The Marvelous Land of Oz Review
Story by: L.Frank Baum
Written by: Eric Shanower
Art by: Skottie Young
Cover by: Skottie Young
Rating: 7 (of 10)
In the wake of success created by The Wonderful Wizard of Oz, an 8 issue limited series adapted from L. Frank Baum’s original story, Marvel comics was soon to release another installment. Here the adventures of Dorothy are left behind, exploring the state of the Land of Oz following the events of the first book. The world remains just as large as it was, though little is further revealed. What is advanced, however, is the conceptual framework that bonds the Land of Oz together. Magic is presented in the context of older fairy tales, thwarting the somewhat anticlimactic resolution at the conclusion of The Wonderful Wizard of Oz, and the denizens appropriately represent their world’s apparent diversity.
Curious, then, are the sundry details that arise, many of which were overlooked in the first volume due to the novelty of the read. Much of the dialogue continues to invoke the wisdom of the age, its stereotypes and particulars, which becomes very distracting. It makes me wonder if Shanower’s love for Baum is too strong, because the language certainly reflects a narrative era long since departed. This calls into question exactly what an “adaptation” is. Were I to strip down a Tolkien work and pair the dialogue with pictures, what artistically have I accomplished exactly? Since The Marvelous Land of Oz is more noteworthy for its highly developed concept than its dialogue, why should dialogue be an issue? I believe that it’s problematic to have a book populated with characters whose personalities are borne of multiplicity. When Tip, the protagonist, is hardly different from his fellow companions, the read becomes laborious. Sometimes I found myself simply looking at Skottie Young’s artwork, imagining what could have been written in each frame. Then again, that’s just me.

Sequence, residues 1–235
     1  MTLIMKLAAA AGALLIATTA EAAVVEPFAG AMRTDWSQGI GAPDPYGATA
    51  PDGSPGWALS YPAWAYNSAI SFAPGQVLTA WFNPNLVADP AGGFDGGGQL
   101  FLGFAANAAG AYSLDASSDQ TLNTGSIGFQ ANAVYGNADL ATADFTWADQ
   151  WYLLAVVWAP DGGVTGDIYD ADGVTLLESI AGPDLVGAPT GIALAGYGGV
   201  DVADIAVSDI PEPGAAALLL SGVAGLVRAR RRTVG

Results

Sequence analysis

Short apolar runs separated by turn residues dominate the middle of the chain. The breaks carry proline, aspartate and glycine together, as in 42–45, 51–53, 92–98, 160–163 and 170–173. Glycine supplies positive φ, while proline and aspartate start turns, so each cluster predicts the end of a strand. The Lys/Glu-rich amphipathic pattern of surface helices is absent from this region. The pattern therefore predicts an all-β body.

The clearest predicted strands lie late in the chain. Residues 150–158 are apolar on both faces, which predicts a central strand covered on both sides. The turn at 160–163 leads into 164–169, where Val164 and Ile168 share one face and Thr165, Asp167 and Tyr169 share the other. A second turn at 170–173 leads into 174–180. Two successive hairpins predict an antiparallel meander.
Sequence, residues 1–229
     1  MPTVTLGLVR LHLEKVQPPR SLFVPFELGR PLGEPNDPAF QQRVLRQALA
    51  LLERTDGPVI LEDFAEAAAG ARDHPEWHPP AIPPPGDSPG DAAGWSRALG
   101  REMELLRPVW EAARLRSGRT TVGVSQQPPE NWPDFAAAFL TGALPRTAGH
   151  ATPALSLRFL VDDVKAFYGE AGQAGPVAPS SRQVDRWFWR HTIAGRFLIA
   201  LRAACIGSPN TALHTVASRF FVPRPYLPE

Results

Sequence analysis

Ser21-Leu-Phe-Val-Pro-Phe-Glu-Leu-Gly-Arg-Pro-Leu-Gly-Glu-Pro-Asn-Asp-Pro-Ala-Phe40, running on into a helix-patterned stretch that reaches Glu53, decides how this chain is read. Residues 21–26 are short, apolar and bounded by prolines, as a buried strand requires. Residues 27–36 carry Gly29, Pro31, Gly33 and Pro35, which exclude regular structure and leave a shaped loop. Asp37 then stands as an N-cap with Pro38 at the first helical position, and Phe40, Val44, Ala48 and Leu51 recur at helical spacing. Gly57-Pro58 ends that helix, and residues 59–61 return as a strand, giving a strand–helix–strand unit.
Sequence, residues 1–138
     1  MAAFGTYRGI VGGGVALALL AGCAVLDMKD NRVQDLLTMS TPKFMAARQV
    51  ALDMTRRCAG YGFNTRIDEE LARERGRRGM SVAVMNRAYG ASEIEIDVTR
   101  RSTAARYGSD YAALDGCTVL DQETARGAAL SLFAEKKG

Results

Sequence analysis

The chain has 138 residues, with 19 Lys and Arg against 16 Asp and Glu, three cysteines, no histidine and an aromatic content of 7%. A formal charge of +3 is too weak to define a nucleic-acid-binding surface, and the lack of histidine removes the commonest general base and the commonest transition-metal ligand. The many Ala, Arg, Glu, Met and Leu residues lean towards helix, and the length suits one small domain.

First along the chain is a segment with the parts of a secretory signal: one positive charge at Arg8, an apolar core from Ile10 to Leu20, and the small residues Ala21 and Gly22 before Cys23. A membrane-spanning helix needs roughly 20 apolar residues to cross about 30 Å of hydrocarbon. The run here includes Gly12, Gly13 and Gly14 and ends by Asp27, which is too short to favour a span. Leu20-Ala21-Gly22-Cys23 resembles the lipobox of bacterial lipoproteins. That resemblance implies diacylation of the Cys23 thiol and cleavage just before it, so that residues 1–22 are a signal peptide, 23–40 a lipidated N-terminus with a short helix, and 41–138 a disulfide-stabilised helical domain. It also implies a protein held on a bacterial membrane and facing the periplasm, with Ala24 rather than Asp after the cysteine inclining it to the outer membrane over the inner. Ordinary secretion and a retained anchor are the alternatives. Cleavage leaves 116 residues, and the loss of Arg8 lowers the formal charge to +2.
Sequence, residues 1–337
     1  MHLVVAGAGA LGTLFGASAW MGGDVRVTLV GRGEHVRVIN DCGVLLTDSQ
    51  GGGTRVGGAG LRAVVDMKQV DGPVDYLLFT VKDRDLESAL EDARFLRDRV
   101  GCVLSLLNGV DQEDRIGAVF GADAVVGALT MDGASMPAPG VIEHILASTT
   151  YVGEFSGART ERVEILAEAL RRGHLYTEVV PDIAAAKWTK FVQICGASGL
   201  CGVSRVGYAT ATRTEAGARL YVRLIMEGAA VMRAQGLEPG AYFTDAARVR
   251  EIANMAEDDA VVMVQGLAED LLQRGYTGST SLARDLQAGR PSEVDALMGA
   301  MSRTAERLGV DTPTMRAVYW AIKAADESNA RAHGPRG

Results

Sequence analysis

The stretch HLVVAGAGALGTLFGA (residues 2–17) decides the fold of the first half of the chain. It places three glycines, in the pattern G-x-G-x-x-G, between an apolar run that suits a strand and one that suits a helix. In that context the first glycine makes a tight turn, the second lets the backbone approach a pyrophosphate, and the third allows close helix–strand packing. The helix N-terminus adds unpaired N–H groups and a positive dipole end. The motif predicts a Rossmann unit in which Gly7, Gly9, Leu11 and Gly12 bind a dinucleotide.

I enjoyed Skottie Young’s artwork more in The Marvelous Land of Oz than its predecessor. The concept of The Wonderful Wizard of Oz is far too iconic. Young’s work would only be in vogue because of lasting conceptions of Fleming’s 1939 film adaptation that force the reader to bring certain imagery to the table. His work would be a “fresh” take on Baum’s fantasy, but far too familiar. The Marvelous Land of Oz is a unique opportunity for Young to flex his creative muscles and give extra life to what many would have imagined to be a solitary universe. The creative feel he offers in this volume is far more esoteric and sinister, capturing the old world folktale atmosphere. The cool temperatures and warping of panels to simulate vintage photography adds a tangible dimension to the comic, all the while preserving the kid-friendly accessibility.
I admit I was more impressed with Shanower and Young’s previous entry, but this cannot be helped. I was far more familiar with the original material, while this is far more different than what I had come to expect Oz to be. The philosophical bent this volume shares is odd, to say the least, and is more than likely a byproduct of the notions going about at the turn of the 20th century, where skepticism and humanism were on the rise at the expense of more traditional ontology. I enjoyed The Marvelous Land of Oz in my own way, and I expect you will as well.